La sabiduría del mundo nos dice (como se expresa en la parábola de Jesús): "Ya puede descansar mi alma, pues ahora tengo guardados muchos bienes para muchos años. Ahora, pues, ¡a comer, a beber y a disfrutar!" (Lucas 12:19b). La sabiduría de lo alto nos dice: " Más bien, anímense unos a otros día tras día, mientras se diga «Hoy», para que el engaño del pecado no endurezca a nadie" (Hebreos 3:13). La sabiduría del mundo afirma que el arrepentimiento y la fe son innecesarios y que la cruz es una tontería. ¿Qué puede importar, dice, que un rabino judío fuera crucificado por los romanos hace siglos? La sabiduría de la Palabra responde: "Porque Dios no permitió que el mundo lo conociera mediante la sabiduría, sino que dispuso salvar a los creyentes por la locura de la predicación" (1 Corintios 1:21). Ante el desprecio del mundo, predicamos con valentía a Jesucristo crucificado (ver 1 Corintios 2:2).

La sabiduría del mundo encuentra la felicidad para hoy y la esperanza para el futuro en actividades egocéntricas, pero como dijo sabiamente Pablo: " Si nuestra esperanza en Cristo fuera únicamente para esta vida, seríamos los más desdichados de todos los hombres" (1 Corintios 15:9). Esta esperanza es una esperanza mundana y tristemente limitada. La sabiduría piadosa, un don del Espíritu Santo que habita en nosotros, nos enseña a mirar al futuro con esperanza en Cristo, a esperar con confianza el día de su regreso y la resurrección de nuestro cuerpo glorificado (¡y sin edad!). Cada año que el Señor nuestro Dios nos concede, con sabiduría piadosa y con humilde arrepentimiento nos unimos al salmista en agradecimiento: "¡Sácianos de tu misericordia al empezar el día, y todos nuestros días cantaremos y estaremos felices!" (Salmo 90:14).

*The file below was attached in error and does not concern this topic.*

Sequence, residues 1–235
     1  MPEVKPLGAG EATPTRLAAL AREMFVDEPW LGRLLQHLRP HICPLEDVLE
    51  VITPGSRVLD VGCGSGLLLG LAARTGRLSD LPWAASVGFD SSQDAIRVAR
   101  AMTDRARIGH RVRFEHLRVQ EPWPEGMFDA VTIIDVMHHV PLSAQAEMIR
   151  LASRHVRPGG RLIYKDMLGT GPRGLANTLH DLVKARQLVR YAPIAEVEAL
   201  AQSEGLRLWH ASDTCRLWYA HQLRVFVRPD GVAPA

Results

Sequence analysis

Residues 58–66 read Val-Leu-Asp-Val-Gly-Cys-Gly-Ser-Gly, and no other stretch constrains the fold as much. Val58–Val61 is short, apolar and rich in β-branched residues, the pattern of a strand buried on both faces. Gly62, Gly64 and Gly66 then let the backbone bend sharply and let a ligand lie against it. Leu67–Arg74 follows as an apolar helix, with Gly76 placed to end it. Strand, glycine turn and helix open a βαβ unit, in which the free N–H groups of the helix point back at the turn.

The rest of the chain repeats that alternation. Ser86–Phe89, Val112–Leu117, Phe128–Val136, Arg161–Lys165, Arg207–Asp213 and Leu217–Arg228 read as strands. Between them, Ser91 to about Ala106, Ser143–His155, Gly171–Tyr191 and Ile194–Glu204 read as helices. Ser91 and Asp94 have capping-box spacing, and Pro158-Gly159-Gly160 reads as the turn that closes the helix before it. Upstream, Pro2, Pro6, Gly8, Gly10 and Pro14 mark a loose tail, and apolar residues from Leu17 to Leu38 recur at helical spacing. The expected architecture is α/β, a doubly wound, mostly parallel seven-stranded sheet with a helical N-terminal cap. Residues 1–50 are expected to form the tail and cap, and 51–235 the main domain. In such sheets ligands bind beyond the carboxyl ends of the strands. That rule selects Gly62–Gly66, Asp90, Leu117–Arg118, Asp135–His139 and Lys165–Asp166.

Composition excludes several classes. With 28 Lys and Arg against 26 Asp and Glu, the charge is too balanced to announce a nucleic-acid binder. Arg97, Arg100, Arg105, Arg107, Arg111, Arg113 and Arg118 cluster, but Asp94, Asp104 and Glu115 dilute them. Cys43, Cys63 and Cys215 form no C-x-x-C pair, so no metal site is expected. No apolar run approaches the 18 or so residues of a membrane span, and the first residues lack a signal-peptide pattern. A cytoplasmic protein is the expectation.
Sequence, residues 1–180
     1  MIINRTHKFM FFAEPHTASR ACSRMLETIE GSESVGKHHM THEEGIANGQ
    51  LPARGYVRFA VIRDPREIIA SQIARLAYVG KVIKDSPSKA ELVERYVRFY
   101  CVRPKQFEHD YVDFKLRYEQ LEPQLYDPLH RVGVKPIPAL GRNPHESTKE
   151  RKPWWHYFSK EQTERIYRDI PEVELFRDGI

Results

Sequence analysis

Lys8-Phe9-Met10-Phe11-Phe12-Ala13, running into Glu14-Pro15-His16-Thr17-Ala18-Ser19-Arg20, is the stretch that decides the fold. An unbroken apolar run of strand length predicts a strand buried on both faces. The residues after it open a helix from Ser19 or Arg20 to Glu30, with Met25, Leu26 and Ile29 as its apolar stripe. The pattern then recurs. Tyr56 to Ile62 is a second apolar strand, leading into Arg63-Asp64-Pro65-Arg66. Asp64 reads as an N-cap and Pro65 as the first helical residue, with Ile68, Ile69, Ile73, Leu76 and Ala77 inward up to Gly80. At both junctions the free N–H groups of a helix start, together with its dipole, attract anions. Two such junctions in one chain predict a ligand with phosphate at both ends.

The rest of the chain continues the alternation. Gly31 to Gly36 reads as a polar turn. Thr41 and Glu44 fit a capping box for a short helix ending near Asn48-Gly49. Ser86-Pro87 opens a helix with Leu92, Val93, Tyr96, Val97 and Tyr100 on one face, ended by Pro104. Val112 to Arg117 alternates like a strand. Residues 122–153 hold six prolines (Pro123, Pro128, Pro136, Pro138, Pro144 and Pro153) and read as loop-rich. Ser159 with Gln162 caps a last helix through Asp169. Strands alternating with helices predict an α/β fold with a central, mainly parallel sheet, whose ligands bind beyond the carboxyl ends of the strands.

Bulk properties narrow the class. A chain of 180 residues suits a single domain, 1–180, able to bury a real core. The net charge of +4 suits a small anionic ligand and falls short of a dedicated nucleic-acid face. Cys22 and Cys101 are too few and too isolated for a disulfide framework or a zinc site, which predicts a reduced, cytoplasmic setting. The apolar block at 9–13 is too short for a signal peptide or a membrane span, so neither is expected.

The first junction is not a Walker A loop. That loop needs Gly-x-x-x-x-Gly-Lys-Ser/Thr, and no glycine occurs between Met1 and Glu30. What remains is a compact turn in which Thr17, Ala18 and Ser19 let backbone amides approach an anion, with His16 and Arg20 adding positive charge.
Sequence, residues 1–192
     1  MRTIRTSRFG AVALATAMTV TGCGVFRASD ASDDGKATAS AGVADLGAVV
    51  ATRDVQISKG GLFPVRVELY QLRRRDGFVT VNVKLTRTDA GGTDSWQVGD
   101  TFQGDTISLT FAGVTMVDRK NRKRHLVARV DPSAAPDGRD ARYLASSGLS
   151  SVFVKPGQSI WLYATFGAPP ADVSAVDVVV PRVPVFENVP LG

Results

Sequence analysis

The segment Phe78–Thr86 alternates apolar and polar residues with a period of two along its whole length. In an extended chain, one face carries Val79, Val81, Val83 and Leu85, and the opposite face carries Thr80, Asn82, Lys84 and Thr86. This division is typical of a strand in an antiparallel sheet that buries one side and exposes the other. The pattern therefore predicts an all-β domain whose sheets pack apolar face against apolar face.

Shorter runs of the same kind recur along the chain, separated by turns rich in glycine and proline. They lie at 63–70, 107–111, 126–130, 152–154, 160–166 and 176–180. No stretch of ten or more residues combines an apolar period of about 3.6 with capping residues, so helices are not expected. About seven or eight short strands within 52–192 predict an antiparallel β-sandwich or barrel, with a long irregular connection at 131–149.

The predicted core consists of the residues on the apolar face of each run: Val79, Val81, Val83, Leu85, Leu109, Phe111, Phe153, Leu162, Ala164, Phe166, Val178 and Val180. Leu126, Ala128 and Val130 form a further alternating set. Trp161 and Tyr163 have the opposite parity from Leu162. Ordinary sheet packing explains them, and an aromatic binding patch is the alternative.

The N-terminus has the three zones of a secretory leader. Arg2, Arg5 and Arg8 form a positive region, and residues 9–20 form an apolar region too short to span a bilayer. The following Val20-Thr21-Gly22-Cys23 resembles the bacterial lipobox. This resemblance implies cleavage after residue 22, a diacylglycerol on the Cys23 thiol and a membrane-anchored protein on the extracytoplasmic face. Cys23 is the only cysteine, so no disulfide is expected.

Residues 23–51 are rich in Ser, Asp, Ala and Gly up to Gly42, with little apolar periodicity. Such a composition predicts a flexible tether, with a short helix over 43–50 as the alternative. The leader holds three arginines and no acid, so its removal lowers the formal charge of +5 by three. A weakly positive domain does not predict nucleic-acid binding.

ORACIÓN: Señor, a lo largo de nuestros años, ayúdanos por tu Espíritu a crecer en la sabiduría de tu santa Palabra. Amén.

Dra. Carol Geisler

Para reflexionar:
* ¿Le temes a la vejez? ¿Cómo vives de manera diferente ahora que cuando eras más joven?

* ¿Qué haces para acumular sabiduría en tu corazón? ¿Qué significa para ti tener sabiduría en tu corazón?
© Copyright 2020 Cristo Para Todas Las Naciones. Que a través de estos devocionales, la Palabra de Dios te refresque en tu diario caminar.
Si bien estas no son palabras muy alentadoras, debemos reconocer que es difícil estar en desacuerdo con el salmista.

Notre Pain Quotidien — Assumer notre rôle

 

Assumer notre rôle

Lisez : Hébreux 6.9-12
La Bible en un an : Jérémie 48 – 49 ; Hébreux 7

Comme de bons dispensateurs des diverses grâces de Dieu, que chacun de vous mette au service des autres le don qu’il a reçu.

Lorsque deux de mes petites-filles ont voulu jouer dans la pièce Alice junior au pays des merveilles, elles tenaient à décrocher les rôles principaux. Maggie désirait interpréter la jeune Alice, et Katie jugeait que le rôle de Mathilda lui conviendrait. On les a toutefois choisies pour être des fleurs. Pas de quoi les conduire à Broadway.

Ma fille m’a toutefois dit que les filles « se réjouissaient pour leurs amies qui avaient reçu [les rôles principaux]. Elles semblaient plus heureuses de les encourager et de partager leur enthousiasme. »

À quoi devraient ressembler nos interactions entre membres du corps de Christ ? Chaque Église locale comporte des rôles principaux. Elle a toutefois aussi besoin de fleurs – les membres qui font des choses vitales, mais dans les coulisses. Si d’autres décrochent des rôles auxquels nous aspirons, puissions-nous choisir de les encourager tout en assumant avec passion les rôles que Dieu nous impartit.

En fait, aider et encourager les autres est un moyen d’exprimer notre amour. Hébreux 6.10 dit : « Car Dieu n’est pas injuste pour oublier votre travail et l’amour que vous avez montré pour son nom, ayant rendu et rendant encore des services aux saints. » Et Dieu juge qu’aucun de ses dons est sans importance : « Comme de bons dispensateurs des diverses grâces de Dieu, que chacun de vous mette au service des autres le don qu’il a reçu » (1 PI 4.10).

Imaginez une Église remplie de gens qui utilisent avec zèle leurs dons pour honorer Dieu (HÉ 6.10). Quelle joie ce serait !
Père, aide-moi à ne pas me concentrer sur d’autres rôles, mais à te servir selon l’appel que tu m'as confié.
Découvrons nos dons afin de les mettre au service d’autrui.

par Dave Branon

© 2020 Ministères NPQ
Lorsque deux de mes petites-filles ont voulu jouer dans la pièce Alice junior au pays des merveilles, elles tenaient à décrocher les rôles principaux.